With just three scheduled meetings remaining, the only clear-cut piece in the mural-size jigsaw puzzle of health-care reform before a special legislative task force is much more individual responsibility in personal well-being.

Task force members on Thursday got about a thousand more pieces of reality that must be built into the coming self-centered era of a new and improved, cost-contained, easily accessible, transparent, market-driven, prevention-oriented health-care system.

Being reminded yet again just how tediously complex a task it is to rein in the economic sector that if left unchecked in a few years will eat the average Utah household's budget alive, lawmakers were once again left metaphorical in sizing up how the effort is going.

Co-chairman Rep. David Clark, R-Santa Clara, picked silver bullets.

"There isn't one out there for us," Clark said, repeating an assessment he's made since the Legislature got serious about taking on the health-care crisis this past spring. "Maybe it's a shotgun shell with silver BBs. No other state has a plan that will translate to another state. Some states have a lot more and a lot less money. Whatever design is best for this state, it will require the collective force of a lot of little individual pieces working together to make it all work."

Cadillacs, TV clickers and cheap bandages are elements that best describe the situation for task force co-chairman Sen. Sheldon Killpack, R-Syracuse.

"If you've ever used a cheap Band-Aid, they work for a minute then fall off," Killpack said. "We need to be patient and look for long-term solutions. In a remote-control society, we expect with a click we'll have the answer. This is not going to be that."

In response to suggested options for finding the so-far elusive affordable, bare-bones medical plan for small companies, the self-employed or single individuals, Killpack noted, "If you have Cadillac accessories on every plan, you're never going to have an affordable one."

The meeting got down to brass tacks earlier when legal advisers described the federal pitfalls — U.S. government-required medical services and tax issues that arise as plans are developed and practices are refitted to contain costs and make access more available and affordable for everyone but to the 300,000 uninsured Utahns in particular.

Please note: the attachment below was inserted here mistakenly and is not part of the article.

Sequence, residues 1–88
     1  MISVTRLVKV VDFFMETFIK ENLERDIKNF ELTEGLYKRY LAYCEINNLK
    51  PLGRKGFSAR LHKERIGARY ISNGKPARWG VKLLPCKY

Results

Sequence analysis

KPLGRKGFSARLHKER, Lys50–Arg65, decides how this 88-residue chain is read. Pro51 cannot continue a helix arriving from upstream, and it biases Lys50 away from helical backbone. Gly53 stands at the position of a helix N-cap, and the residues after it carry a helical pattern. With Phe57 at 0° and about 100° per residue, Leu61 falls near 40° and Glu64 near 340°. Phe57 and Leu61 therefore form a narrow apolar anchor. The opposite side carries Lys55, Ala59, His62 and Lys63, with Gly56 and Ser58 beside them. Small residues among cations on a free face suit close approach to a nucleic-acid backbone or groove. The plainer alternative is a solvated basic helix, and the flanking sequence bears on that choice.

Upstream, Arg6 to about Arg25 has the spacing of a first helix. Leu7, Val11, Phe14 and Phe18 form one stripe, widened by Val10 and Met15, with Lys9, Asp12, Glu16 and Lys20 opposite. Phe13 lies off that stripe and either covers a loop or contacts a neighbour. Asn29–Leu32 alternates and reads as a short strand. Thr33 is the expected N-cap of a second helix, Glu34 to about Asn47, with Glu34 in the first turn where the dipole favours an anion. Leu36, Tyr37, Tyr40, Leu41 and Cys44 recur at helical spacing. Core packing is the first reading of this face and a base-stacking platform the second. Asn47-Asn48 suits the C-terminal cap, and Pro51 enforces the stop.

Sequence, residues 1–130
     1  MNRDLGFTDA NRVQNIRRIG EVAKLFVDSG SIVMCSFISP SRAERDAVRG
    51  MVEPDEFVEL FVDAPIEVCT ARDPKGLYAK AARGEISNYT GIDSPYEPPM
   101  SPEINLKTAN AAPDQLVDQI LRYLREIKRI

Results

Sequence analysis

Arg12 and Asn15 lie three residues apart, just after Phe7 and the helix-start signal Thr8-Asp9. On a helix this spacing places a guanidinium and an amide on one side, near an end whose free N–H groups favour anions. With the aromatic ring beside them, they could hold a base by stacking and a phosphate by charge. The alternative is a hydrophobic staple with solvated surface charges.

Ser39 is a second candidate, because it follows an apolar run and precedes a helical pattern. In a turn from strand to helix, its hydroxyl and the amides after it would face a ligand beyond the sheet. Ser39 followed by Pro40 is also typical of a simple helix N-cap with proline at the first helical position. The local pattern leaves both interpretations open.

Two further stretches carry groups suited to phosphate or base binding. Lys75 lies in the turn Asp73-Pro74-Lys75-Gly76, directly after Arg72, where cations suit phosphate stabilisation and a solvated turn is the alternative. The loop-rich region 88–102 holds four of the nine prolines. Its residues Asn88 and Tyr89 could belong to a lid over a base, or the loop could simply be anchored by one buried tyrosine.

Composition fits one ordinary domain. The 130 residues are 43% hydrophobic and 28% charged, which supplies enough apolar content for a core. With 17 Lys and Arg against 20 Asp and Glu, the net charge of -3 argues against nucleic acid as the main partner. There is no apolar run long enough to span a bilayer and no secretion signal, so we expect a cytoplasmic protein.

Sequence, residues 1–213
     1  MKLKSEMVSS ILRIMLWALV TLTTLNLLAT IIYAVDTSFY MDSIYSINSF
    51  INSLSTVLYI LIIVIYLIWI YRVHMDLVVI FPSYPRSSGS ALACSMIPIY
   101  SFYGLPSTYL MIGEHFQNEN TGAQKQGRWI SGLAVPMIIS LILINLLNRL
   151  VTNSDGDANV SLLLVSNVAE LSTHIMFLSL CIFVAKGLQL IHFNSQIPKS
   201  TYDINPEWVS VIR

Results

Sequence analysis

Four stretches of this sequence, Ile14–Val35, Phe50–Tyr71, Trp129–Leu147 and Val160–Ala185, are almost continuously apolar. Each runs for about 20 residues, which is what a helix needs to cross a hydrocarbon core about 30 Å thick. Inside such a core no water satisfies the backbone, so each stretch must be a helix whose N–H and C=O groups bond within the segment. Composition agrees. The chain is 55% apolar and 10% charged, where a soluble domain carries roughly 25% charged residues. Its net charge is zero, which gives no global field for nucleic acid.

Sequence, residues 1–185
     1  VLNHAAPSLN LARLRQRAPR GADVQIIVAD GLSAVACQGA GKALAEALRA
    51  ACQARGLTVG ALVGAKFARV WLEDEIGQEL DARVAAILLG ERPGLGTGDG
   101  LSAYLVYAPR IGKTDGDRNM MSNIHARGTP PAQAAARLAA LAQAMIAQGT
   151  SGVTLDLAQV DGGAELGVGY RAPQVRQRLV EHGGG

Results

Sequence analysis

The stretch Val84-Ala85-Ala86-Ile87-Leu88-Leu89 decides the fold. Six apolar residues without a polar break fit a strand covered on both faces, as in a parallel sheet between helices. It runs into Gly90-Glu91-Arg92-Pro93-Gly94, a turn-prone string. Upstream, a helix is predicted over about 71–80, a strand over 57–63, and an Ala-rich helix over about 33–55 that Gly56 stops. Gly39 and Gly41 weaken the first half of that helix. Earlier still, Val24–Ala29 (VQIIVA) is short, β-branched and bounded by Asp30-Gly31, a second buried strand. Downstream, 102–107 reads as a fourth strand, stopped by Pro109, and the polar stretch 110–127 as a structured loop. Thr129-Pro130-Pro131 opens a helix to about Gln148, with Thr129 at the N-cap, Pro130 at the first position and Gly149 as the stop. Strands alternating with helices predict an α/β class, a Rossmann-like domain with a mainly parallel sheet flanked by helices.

Offering serious premium payment subsidies of $800 to $1,200 targeted at employees who need to get healthier will translate to the small-scale workplace, and can be done without any extra money from the employers, representatives of private industry and medical care groups told the task force.

No matter what improvements are made or how much additional responsibility is given to employees for managing their own insurance, a raft of federal guidelines have to be accounted for first, task members were told.

"Bottom line is you can't expand the Utah group (insurance) market without addressing what our individual market looks like," staff counsel Catherine DuPont said, noting that federal code regarding continuing insurance coverage after leaving a job or what can be offered or not on a premium-only basis or on a cafeteria plan through a workplace dictates the course to a great degree, no matter what plans are ultimately offered.

"I'm not saying that's something we can't do, it's something that we'd have to do," DuPont said.

Speaking for one of the citizen focus groups the task force has asked to help plot improvement strategies, Lou Swane said the question before the group is not a hard one: People are asking for insurance with affordable premiums in a manageable benefits plan that pays for what it's supposed to and doesn't avoid payment whenever possible.

That's the bull's-eye on the target, task force members agreed.

But it all keeps moving around as the discussion continues, said Rep. David Litvak, D-Salt Lake. A lot of the issues that have been addressed so far are in the "better than nothing" category, "but I'm not hearing comprehensive reform anywhere. A more affordable product is fine, but that isn't system reform to me."

The task force is scheduled to meet three more times — Sept. 18, Oct. 13 and Nov. 20. Members and their advisers will have between then and January to draft reform proposals into legislation.


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